It’s important to understand not just that the scientific consensus can change, but how it happens, to avoid the misconception that everything scientists believe now will eventually be overturned. Instead, as Caulfield puts it, “as a fact-checker, your job is not to resolve debates based on new evidence, but to accurately summarize the state of research and the consensus of experts in a given area, taking into account majority and significant minority views.”[6]

When looking for a consensus, an encyclopedia is actually a good place to start. At the time this article was written, for example, the Wikipedia articles on global warming, the supposed link between vaccines and autism, and the possible health effects of cellphone radiation all accurately reflect the scientific consensus. (Although Wikipedia articles can be changed by users, automated editors now catch and quickly correct most cases of vandalism or ideologically motivated edits: as a result, the more controversial articles are actually more likely to be accurate.[7] See our handout Wikipedia 101 for more details on how to tell if a specific Wikipedia article is reliable.)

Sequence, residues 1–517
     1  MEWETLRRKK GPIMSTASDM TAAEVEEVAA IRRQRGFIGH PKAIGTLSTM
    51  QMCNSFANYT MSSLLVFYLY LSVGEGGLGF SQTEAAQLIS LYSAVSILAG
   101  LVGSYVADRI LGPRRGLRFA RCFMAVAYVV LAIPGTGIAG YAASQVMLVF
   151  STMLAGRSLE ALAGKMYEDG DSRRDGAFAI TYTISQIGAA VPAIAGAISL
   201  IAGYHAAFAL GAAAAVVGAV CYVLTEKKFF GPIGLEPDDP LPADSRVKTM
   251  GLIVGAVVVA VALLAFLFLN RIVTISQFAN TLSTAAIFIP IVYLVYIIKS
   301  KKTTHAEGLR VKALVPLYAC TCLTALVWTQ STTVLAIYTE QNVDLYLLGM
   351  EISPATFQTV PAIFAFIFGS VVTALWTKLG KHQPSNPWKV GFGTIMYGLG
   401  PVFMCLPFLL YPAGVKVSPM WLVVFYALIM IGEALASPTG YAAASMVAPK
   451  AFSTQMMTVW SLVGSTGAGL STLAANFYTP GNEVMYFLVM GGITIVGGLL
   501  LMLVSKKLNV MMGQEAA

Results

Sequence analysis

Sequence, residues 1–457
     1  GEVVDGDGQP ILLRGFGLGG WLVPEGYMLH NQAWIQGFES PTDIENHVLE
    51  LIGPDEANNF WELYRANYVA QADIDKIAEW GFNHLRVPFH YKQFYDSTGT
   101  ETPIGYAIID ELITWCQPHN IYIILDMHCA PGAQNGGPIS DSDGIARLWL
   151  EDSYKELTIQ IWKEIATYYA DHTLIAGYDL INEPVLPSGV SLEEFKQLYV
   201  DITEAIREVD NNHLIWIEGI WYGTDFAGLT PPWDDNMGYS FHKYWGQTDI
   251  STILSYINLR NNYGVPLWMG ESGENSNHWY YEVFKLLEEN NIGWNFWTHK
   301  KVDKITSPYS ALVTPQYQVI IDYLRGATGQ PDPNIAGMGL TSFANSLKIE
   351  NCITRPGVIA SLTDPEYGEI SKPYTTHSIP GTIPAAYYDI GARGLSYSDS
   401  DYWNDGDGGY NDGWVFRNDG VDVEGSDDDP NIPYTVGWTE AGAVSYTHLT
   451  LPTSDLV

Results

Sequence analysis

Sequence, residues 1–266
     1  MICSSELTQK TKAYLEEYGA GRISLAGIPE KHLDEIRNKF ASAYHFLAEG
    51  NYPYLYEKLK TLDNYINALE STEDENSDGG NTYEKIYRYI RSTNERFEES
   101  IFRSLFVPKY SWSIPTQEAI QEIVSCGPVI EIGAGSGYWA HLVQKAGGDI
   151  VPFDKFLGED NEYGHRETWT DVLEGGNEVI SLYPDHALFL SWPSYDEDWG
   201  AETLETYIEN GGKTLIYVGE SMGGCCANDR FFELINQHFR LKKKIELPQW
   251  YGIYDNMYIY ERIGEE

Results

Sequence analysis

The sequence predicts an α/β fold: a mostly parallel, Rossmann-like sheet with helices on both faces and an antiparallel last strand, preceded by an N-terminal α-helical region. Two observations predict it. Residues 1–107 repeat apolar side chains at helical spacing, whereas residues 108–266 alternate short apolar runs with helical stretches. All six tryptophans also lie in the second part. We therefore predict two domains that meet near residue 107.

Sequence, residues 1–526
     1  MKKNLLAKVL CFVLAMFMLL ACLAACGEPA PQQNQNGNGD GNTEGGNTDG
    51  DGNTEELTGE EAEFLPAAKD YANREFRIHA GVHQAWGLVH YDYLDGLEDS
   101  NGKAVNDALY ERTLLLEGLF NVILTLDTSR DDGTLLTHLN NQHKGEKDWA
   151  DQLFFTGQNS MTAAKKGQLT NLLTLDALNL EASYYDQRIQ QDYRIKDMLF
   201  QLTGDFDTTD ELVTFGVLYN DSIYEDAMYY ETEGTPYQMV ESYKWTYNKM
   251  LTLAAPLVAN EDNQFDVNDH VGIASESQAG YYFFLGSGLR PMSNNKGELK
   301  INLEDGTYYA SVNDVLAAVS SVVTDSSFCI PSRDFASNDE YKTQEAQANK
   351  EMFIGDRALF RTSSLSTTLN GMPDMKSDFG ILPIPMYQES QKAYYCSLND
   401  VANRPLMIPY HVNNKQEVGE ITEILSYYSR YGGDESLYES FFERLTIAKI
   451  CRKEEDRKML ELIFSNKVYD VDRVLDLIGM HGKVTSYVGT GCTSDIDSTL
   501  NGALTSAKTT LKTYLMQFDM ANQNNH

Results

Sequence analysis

Specialized Sources

Another strategy is to take the opposite approach and confine your search to sources that you already know are reliable and reflect the scientific consensus. This requires a bit more expert knowledge but can save you a lot of time and can prevent you from (consciously or unconsciously) seeking out information that you want to be true or that supports what you already believe. For example, the Health on the Net Foundation offers Honsearch, a dedicated search engine that only searches sites it has certified, while WorldWideScience is an international collaboration that searches scientific sites and databases from around the world. Specific resources for debunking possible misinformation in health and science include Quackwatch, which focuses on health; the McGill Office for Science and Society, which is dedicated to “separating sense from nonsense” in science; and the Snopes sections devoted to health, science and medicine.